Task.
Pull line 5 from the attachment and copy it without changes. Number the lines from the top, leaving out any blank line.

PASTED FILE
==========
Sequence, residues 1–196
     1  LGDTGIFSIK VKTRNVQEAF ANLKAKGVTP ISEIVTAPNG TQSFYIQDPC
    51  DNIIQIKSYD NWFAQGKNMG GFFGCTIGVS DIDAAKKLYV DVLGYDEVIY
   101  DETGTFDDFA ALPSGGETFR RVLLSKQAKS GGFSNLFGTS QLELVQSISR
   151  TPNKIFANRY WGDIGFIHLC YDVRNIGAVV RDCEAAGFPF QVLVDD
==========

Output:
   151  TPNKIFANRY WGDIGFIHLC YDVRNIGAVV RDCEAAGFPF QVLVDD